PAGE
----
Ocean current links northern and southern hemisphere during Ice Age
Even if climate records from Greenland and Antarctic ice cores show different patterns climate of Arctic and Antartica are connected directly. Recent investigations on an Antarctic ice core now published in nature indicate a general connection between both hemispheres by a 'bipolar seesaw.' Even short and weak temperature changes in the south are connected to fast changes in temperature in the north by change of currents in the Atlantic ocean. Antarctica warmed several times in the period 20,000 to 55,000 years before present whilst the North was cold and export of warm water from the southern ocean was reduced. In contrast, the Antarctic started to cool every time more warm water started to flow into the North Atlantic during warm events in the north. This result suggests a general link between long-term climate changes in both hemispheres via this 'bipolar seesaw' as a result of Atlantic meridional overturning circulation changes.
In the current issue of 'nature,' a joint effort of scientists from 10 European nations working together in the European Project for Ice Coring in Antarctica (EPICA) established a precise link between climate records from Greenland and Antarctica using data on global changes in methane concentrations derived from trapped air bubbles in the ice. The ice core analyses were performed on the new EDML ice core, which due to its higher snow accumulation rate allows for reconstruction of higher resolution atmospheric and climate records than previous ice cores from the East Antarctic plateau; a prerequisite for precise synchronisation with the Greenland counterpart. Based on the new synchronized time scale the scientists were able to compare high-resolution temperature proxy records from the EPICA ice core in Dronning Maud Land and the North Greenland Ice core Project (NGRIP). Based on the new synchronized time scale the scientists were able to directly compare high-resolution temperature proxy records from Antarctica and Greenland.This showed that the Bipolar Seesaw occurred throughout and most probably beyond the last glacial period. "It is really astounding" says paleoclimatologist and corresponding author of the study Dr. Hubertus Fischer from the Alfred-Wegener Institute for Polar and Marine Research (AWI) in Bremerhaven, “how systematic this process worked also for smaller temperature changes in the Antarctic. Our data shows that the degree of warming in the South is linearly related to the duration of cold periods in the North Atlantic."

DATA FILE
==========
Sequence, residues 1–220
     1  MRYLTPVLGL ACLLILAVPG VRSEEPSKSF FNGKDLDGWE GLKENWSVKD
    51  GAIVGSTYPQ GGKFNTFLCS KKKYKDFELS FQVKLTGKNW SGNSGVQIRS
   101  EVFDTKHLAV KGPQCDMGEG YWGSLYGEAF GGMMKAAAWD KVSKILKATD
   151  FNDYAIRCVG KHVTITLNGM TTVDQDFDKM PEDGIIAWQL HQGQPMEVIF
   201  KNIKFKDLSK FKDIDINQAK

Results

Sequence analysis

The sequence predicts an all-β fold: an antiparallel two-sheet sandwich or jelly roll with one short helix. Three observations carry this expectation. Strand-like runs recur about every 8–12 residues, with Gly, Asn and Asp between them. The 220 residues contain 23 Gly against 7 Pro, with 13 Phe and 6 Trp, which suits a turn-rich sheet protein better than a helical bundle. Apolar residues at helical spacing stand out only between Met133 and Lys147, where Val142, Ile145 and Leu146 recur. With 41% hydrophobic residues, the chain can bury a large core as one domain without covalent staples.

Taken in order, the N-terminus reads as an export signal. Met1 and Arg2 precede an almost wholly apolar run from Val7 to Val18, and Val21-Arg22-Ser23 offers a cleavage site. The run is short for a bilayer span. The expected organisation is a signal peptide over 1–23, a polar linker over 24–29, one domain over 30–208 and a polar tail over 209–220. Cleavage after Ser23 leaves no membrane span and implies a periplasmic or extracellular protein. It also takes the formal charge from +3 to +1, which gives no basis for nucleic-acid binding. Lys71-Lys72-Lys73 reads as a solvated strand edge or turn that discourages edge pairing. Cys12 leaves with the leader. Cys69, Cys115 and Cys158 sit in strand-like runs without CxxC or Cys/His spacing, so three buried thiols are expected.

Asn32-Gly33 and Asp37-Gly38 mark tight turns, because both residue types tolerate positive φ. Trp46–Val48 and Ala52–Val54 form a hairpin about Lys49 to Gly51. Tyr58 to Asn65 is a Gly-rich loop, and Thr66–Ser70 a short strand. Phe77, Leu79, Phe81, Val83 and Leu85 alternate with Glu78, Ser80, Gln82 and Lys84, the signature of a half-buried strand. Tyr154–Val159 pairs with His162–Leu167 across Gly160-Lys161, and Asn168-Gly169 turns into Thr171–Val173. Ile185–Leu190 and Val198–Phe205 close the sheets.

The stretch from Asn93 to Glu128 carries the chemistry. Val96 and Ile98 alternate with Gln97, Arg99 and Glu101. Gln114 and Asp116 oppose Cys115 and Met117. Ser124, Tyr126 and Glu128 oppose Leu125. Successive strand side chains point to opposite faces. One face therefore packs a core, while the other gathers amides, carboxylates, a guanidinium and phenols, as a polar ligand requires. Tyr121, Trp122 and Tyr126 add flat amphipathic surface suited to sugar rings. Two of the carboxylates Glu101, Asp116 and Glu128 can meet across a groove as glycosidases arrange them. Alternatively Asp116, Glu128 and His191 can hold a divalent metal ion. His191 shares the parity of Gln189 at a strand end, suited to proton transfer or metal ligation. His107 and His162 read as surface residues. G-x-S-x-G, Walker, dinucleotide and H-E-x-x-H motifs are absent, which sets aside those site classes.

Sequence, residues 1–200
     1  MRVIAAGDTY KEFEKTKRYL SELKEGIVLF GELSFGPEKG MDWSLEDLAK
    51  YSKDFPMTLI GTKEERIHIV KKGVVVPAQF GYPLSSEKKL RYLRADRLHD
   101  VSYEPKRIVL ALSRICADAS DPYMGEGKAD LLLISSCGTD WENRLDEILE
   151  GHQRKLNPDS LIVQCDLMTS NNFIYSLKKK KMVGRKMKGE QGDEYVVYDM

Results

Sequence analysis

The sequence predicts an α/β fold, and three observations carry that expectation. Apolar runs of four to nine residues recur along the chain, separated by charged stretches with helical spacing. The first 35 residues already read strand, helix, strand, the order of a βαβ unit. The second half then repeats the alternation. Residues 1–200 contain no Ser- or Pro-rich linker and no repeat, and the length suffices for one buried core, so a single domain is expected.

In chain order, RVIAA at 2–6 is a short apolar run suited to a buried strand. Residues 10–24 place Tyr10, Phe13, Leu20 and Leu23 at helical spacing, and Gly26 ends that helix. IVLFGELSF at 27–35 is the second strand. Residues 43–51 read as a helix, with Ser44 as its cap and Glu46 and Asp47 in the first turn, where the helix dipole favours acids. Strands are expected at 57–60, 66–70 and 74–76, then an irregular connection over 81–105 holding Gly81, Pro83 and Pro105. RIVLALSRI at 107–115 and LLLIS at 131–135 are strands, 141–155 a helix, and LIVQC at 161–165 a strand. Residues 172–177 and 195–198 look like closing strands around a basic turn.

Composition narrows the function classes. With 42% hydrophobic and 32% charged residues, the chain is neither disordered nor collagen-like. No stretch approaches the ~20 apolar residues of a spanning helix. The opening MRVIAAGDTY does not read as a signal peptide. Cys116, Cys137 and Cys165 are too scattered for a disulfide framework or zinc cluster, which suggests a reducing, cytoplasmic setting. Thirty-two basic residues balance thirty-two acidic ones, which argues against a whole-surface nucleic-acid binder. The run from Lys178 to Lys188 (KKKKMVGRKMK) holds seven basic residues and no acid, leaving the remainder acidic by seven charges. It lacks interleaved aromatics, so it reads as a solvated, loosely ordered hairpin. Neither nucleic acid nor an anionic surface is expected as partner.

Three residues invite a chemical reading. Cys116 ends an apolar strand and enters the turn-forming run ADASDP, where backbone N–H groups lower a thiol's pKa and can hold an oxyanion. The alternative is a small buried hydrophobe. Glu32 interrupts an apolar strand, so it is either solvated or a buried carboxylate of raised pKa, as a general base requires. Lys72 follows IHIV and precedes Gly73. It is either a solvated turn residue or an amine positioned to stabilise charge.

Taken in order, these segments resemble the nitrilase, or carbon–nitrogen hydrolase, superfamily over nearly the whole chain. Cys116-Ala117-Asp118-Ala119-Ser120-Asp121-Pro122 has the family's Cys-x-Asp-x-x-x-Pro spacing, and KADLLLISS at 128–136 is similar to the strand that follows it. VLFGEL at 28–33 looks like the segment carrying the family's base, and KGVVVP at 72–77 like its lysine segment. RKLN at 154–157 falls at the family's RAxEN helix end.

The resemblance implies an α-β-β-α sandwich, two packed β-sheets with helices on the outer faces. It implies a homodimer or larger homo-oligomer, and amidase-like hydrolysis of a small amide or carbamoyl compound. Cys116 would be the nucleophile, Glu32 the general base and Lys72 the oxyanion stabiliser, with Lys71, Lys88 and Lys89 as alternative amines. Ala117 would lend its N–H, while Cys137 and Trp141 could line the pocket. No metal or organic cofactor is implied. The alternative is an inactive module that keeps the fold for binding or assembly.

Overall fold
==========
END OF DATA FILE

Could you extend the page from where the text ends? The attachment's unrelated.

The study now published in Nature synchronises the work of EPICA scientists from 10 European countries: Belgium, Denmark, France, Germany, UK, Italy, the Netherlands, Norway, Sweden and Switzerland. "This study is a good example for scientist from different disciplines of ice core research collaborating internationally. Ocean modeller, isotope specialists and glaciologists are bringing together their expertise," says Prof. Dr Heinz Miller, scientific leader of EPICA. As the German partner within EPICA, AWI was responsible for the Dronning Maud Land drilling operations as well as for large parts of the analyses on the EDML ice core and glaciological flow modelling. Coordinated by the European Science Foundation (ESF), EPICA is funded by the participating countries and the European Union. EPICA is one of the core projects of the AWI Research Program "Maritime, Coastal and Polar Systems" in the "Earth and Environment" research section of the Helmholtz-Gemeinschaft.
The manuscript “One-to-one coupling of glacial climate variability in Greenland and Antarctica” will be published in Nature on November 9, 2006.
Bremerhaven, October 31, 2006
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For further information from Alfred Wegener Institute please contact Dr Hubertus Fischer (phone +49(0)471 4831 1174; mobile +49(0)175 8930172; email email@example.com) or Dr Hans Oerter (phone: +49(0)471 4831 1347; email firstname.lastname@example.org). Your media contact at Alfred Wegener Institute is Dr Ude Cieluch (+49(0)471 4831 2008; email email@example.com).
The Alfred Wegener Institute carries out research in the Arctic and Antarctic as well as in the high and mid latitude oceans. The institute coordinates German polar research and makes available to international science important infrastructure, e.g. the research ice breaker “Polarstern” and research stations in the Arctic and Antarctic. AWI is one of 15 research centres within the Helmholtz-Gesellschaft, Germany’s largest scientific organization.
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